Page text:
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We were able to get into The Underground Hospital Annexe for a 20-minute tour of a wartime medical facility set up in a warren of dimly lit tunnels built into the cliffs (no photos allowed). We didn’t have time for the 60-minute tour and multimedia display in the underground staging area for the Dunkirk rescue of over 300,000 troops, and were unable to get into the medieval tunnels as they were flooded by the previous day’s rainstorm. The views from the castle and grounds are lovely.

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Sandwich

The first time we visited Sandwich a friend of the homeowner where we are house- and pet-sitting picked us up, along with Coco the dog, and drove us out to Sandwich Bay for a walk. As we neared the bay Mark pointed out The Royal St. George’s Golf Club. We obviously didn’t respond as he expected because he immediately asked if we weren’t into golf (we are not). This club is one of the courses where UK’s The Open Championship is played and if we knew anything about competitive golf, we would probably have been suitably impressed. There are two other golf clubs along the same stretch of coast and we followed our walk with a pint at Mark’s regular greens, Prince’s Golf Club.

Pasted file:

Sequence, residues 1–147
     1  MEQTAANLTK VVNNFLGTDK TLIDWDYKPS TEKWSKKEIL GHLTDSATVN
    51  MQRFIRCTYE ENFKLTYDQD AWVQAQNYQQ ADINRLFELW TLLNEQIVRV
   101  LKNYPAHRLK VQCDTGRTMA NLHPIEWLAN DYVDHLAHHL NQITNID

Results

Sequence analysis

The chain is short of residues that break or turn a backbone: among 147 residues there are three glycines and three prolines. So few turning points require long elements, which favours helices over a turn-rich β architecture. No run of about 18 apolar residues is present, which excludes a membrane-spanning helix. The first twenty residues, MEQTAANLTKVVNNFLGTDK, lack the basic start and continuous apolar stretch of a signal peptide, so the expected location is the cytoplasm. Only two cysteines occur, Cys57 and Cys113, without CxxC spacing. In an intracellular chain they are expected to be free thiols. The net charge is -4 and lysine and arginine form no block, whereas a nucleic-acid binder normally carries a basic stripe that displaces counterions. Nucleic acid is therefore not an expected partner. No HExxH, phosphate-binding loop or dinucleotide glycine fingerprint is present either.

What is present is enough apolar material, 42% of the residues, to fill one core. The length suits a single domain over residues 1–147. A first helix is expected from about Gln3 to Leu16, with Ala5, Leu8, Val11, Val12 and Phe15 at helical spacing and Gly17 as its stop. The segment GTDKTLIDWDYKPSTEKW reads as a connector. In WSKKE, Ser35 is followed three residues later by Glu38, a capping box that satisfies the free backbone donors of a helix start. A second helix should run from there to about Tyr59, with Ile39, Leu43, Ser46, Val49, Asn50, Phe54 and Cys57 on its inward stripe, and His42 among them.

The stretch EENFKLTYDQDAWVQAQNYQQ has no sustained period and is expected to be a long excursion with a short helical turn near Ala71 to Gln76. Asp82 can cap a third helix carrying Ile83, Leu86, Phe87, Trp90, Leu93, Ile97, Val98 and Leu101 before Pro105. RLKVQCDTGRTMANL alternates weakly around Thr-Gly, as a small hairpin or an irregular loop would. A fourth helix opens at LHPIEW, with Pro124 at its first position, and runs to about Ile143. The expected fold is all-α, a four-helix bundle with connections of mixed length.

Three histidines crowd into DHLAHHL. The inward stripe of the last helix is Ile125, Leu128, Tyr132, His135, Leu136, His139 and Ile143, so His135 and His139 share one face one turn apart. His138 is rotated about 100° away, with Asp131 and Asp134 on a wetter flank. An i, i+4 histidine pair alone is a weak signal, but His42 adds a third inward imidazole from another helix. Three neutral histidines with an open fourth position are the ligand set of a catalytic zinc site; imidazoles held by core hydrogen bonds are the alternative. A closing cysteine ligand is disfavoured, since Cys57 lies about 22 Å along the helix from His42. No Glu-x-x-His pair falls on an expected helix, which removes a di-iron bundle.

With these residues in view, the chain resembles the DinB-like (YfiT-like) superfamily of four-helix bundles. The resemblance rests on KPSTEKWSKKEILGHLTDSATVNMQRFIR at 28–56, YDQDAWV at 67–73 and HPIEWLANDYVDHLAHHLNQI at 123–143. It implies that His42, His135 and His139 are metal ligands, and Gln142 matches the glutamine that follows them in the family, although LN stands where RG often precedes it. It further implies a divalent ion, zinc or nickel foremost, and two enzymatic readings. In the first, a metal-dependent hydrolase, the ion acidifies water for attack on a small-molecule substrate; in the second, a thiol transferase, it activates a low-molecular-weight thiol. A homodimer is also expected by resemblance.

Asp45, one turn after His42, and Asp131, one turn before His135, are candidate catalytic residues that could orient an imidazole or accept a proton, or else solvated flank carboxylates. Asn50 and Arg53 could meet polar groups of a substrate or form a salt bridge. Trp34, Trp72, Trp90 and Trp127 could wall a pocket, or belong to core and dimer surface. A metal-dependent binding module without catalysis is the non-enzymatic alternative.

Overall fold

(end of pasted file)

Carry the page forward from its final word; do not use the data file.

Since we had driven through the village of Sandwich with Mark, and not stopped for a visit, we went again on our own, by bus from Deal, so we could wander about this medieval town.

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Canterbury

Our homeowner’s friend, Mark, helped us out again by giving us the time to take a trip to Canterbury. Shortly after we left the house Mark came to pick up Coco for a walk and stayed with her for a while, giving us plenty of time to train to and from Canterbury and to really enjoy our time there.

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The Canterbury Cathedral is the main attraction, even during restoration. Scaffolding and barriers block parts of the outside.

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Much of the interior heights are cut off from view by temporary ceilings, which form floors for work crew. Countering some of the ugliness of the construction work, a huge and dramatic art installation called Suspended fills the space above the pews.